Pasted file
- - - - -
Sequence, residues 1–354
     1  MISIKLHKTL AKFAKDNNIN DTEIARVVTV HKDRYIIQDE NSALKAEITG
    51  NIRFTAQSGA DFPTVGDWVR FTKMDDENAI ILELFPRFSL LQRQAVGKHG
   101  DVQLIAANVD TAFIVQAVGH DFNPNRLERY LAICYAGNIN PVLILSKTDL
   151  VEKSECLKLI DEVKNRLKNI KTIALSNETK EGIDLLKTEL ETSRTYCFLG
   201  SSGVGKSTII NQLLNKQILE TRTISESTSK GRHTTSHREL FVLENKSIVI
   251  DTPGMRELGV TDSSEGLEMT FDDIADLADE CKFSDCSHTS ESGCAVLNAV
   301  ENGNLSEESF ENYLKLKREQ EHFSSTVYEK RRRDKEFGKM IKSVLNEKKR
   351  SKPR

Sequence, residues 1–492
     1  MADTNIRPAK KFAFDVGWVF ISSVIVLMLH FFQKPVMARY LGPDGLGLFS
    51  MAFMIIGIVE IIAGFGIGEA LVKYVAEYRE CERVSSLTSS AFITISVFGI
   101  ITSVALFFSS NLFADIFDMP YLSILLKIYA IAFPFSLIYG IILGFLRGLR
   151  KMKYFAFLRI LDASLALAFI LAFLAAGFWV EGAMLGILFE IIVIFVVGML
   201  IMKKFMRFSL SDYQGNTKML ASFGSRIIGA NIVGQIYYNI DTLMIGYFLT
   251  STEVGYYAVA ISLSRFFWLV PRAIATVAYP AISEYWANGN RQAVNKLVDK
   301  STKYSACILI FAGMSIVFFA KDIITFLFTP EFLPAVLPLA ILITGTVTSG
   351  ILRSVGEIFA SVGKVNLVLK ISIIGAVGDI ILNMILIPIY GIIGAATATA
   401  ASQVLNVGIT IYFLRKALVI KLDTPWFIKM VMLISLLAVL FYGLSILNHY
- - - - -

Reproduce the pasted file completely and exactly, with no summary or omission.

Sequence, residues 1–354
     1  MISIKLHKTL AKFAKDNNIN DTEIARVVTV HKDRYIIQDE NSALKAEITG
    51  NIRFTAQSGA DFPTVGDWVR FTKMDDENAI ILELFPRFSL LQRQAVGKHG
   101  DVQLIAANVD TAFIVQAVGH DFNPNRLERY LAICYAGNIN PVLILSKTDL
   151  VEKSECLKLI DEVKNRLKNI KTIALSNETK EGIDLLKTEL ETSRTYCFLG
   201  SSGVGKSTII NQLLNKQILE TRTISESTSK GRHTTSHREL FVLENKSIVI
   251  DTPGMRELGV TDSSEGLEMT FDDIADLADE CKFSDCSHTS ESGCAVLNAV
   301  ENGNLSEESF ENYLKLKREQ EHFSSTVYEK RRRDKEFGKM IKSVLNEKKR
   351  SKPR

Sequence, residues 1–492
     1  MADTNIRPAK KFAFDVGWVF ISSVIVLMLH FFQKPVMARY LGPDGLGLFS
    51  MAFMIIGIVE IIAGFGIGEA LVKYVAEYRE CERVSSLTSS AFITISVFGI
   101  ITSVALFFSS NLFADIFDMP YLSILLKIYA IAFPFSLIYG IILGFLRGLR
   151  KMKYFAFLRI LDASLALAFI LAFLAAGFWV EGAMLGILFE IIVIFVVGML
   201  IMKKFMRFSL SDYQGNTKML ASFGSRIIGA NIVGQIYYNI DTLMIGYFLT
   251  STEVGYYAVA ISLSRFFWLV PRAIATVAYP AISEYWANGN RQAVNKLVDK
   301  STKYSACILI FAGMSIVFFA KDIITFLFTP EFLPAVLPLA ILITGTVTSG
   351  ILRSVGEIFA SVGKVNLVLK ISIIGAVGDI ILNMILIPIY GIIGAATATA
   401  ASQVLNVGIT IYFLRKALVI KLDTPWFIKM VMLISLLAVL FYGLSILNHY